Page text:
This meticulously researched look at life in a coal camp shows that no matter how dark the pit, love will always shine through.
Will Sally and her family ever be able to go home? When heavy rains cause the river to flood, Sally, her family, and many of their neighbors have to evacuate their homes. With nothing but the clothes on their backs, they seek shelter at the local school. At first, it seems like an adventure, but as reports come in of whole houses being washed away, Sally learns the meaning of being a true friend and a good neighbor. Flood Friday is based on the actual flooding of western Connecticut in 1955. This ebook features an illustrated biography of Lois Lenski including rare images and never-before-seen documents from the author's estate.
How can Birdie's family grow strawberries when the neighbors let their cows into the berry fields? Birdie and her family are trying to build a farm in Florida. But it's not easy with the heat, droughts, and cold snaps—and neighbors that don't believe in fences. But Birdie won't give up on her dream of strawberries, and her family won't let those Slaters drive them from their home! This Newberry Medal–winning novel presents a realistic picture of life on the Florida frontier. This ebook features an illustrated biography of Lois Lenski including rare images and never-before-seen documents from the author's estate.
A Chinese boy struggles to adapt to life in the big city
In Chinatown, the streets are crowded and the air is filled with delicious smells. Felix Fong and his family just moved to San Francisco from a town in the countryside, and they have never seen so many people. Felix's siblings are thrilled by the constant hustle and bustle, but he misses their old house. He liked having grass to play in and a pond to swim in. The city is overwhelming, and it doesn't feel like home.
But soon Felix begins to have adventures in San Francisco. He makes friends and even gets a job. Before he knows it, he forgets about being homesick and learns to fall in love with the city.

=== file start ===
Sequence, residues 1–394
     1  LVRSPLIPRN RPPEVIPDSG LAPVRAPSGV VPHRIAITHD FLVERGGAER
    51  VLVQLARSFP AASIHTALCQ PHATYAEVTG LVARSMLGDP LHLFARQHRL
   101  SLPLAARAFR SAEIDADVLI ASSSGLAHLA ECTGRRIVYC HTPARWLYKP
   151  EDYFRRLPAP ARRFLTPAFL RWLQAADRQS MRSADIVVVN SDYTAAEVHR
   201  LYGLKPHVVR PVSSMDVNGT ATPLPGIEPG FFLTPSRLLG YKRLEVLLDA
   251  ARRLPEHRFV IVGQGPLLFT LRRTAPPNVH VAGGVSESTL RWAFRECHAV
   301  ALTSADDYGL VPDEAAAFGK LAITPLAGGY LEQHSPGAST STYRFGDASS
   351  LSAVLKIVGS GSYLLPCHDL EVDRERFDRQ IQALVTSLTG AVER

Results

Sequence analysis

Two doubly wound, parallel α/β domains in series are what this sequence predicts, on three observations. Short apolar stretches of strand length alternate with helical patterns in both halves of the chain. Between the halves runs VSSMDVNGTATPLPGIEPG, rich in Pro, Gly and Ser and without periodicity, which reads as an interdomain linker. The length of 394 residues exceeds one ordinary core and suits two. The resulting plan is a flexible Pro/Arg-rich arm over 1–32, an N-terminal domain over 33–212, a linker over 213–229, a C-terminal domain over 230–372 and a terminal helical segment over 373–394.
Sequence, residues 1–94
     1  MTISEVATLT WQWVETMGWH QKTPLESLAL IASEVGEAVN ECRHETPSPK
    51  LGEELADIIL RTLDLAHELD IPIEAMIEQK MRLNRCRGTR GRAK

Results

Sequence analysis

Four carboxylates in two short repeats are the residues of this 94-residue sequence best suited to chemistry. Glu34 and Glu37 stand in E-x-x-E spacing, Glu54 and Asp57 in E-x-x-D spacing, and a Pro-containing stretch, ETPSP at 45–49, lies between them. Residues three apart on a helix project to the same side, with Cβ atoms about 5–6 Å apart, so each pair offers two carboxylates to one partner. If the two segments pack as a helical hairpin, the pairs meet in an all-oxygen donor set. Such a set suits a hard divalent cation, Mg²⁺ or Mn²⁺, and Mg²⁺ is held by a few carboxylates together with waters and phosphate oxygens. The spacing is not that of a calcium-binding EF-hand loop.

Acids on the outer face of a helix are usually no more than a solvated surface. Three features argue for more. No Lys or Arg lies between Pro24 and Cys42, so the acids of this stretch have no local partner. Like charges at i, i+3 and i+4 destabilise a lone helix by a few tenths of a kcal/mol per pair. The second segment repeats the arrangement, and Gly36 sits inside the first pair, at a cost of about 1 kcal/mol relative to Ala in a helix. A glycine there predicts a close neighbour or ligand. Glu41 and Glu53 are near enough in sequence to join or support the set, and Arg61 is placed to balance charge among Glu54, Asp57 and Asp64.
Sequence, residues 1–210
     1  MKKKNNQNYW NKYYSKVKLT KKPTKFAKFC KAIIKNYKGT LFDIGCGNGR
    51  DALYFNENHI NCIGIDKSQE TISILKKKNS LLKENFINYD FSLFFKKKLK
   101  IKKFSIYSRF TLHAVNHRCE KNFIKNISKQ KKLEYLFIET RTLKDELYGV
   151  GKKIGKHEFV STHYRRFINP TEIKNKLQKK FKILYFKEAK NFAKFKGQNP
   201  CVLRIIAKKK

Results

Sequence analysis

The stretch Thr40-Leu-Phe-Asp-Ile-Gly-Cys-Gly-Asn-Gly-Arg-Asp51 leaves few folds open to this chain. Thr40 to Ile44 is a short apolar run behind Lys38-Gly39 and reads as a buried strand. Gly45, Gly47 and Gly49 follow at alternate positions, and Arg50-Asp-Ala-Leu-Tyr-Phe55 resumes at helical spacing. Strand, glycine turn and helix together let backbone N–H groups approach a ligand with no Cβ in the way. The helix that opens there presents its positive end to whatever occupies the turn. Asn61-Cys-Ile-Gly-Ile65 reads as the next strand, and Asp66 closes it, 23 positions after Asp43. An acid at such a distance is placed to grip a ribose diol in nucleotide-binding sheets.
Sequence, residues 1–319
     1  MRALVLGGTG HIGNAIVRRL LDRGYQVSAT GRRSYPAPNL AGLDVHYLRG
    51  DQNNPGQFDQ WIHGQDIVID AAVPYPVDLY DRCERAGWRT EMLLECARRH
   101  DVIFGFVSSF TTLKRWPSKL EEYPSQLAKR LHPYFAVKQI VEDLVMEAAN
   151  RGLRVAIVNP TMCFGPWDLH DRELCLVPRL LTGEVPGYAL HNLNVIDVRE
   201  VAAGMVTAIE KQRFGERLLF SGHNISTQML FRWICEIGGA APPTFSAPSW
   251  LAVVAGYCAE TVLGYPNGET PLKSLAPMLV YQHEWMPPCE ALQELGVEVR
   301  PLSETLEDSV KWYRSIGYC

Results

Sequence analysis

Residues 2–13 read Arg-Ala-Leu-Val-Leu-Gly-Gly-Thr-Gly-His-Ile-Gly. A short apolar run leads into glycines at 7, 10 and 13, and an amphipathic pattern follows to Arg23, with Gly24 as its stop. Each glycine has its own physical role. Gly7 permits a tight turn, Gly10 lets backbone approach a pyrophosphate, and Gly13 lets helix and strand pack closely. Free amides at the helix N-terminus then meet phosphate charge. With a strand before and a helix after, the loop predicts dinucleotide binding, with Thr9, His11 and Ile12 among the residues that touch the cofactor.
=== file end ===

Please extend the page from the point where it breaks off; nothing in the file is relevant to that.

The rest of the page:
What would it be like to live on a houseboat on the Mississippi River with two parents, four kids, eight chickens, several turtles, a dog, and a cat? Patsy and her family are about to find out! At first, Patsy is upset when her parents decide to move from their home in River City, Illinois, to a houseboat on the Mississippi River. She'll miss her house and friends, and she's sure the trip downriver will be boring. Gradually, she and her brother and sisters get used to their new life. Patsy grows to love the ever-changing river, where she even learns to swim. But she can't help longing for a real house—on land. Houseboat Girl is based on the experiences of real families living on the Mississippi River in the summer of 1954. This ebook features an illustrated biography of Lois Lenski including rare images and never-before-seen documents from the author's estate.
A young boy growing up in the Oregon wilderness dreams of becoming a logger
Little Joe has been sawing trees since he was 5 years old. A child of the Oregon hills, he spends his days scampering through the forest around his family's cabin. Ever since he was old enough to hold an ax, he's wanted to be a logger like his daddy. He wants to wear boots with nails on them, saw down the mightiest trees in the forest, and holler "Timber!" as they come crashing to the ground. Little Joe has logging in his blood.
Finally, Little Joe is old enough for his 1st visit to a logging camp. He sees the great machines taking down trees and loading them onto trucks, and he wants to be a logger more than ever. But as he grows up, he will find there are better ways to show his love for the forest than cutting it down.
A Cajun girl tries to keep her family together on the Louisiana bayou
It's been almost 2 years since Suzette's father caught 2 bullets in his back. Since then, he's been bed-ridden, too sick to hunt or fish or do any of the things a bayou man must do to keep his family fed. While he heals, Suzette scours the swamps around her house for fish, gators, or anything she can sell to put food on the table. It's hard, but Suzette is a proud Cajun, and work doesn't scare her. When an Indian girl appears on the bayou, Suzette finds in her a friend—and maybe a way to save her family.
This moving novel lovingly depicts the warmth and vitality of Cajun people and a time when the bayous seemed to stretch forever.
The entire ranch is thirsty—will the rains ever come? Tomboy Charlie loves the ranch and the outdoors, especially now that she has a horse of her own and can ride like a true cowboy. She doesn't understand why her mother keeps after her to help out in the house, too. But ranch life is hard, especially when there's a drought. There isn't enough water for the crops or cattle, and horrible dust storms sweep away the soil. If it doesn't rain soon, her family could lose everything. Charlie must learn that on a ranch, everyone's job is important if they are to survive—and that a good cowboy always obeys orders. This classic story depicts Texas ranch life during the droughts of the early twentieth century, as one girl tries to find her place in the world. This ebook features an illustrated biography of Lois Lenski including rare images and never-before-seen documents from the author's estate.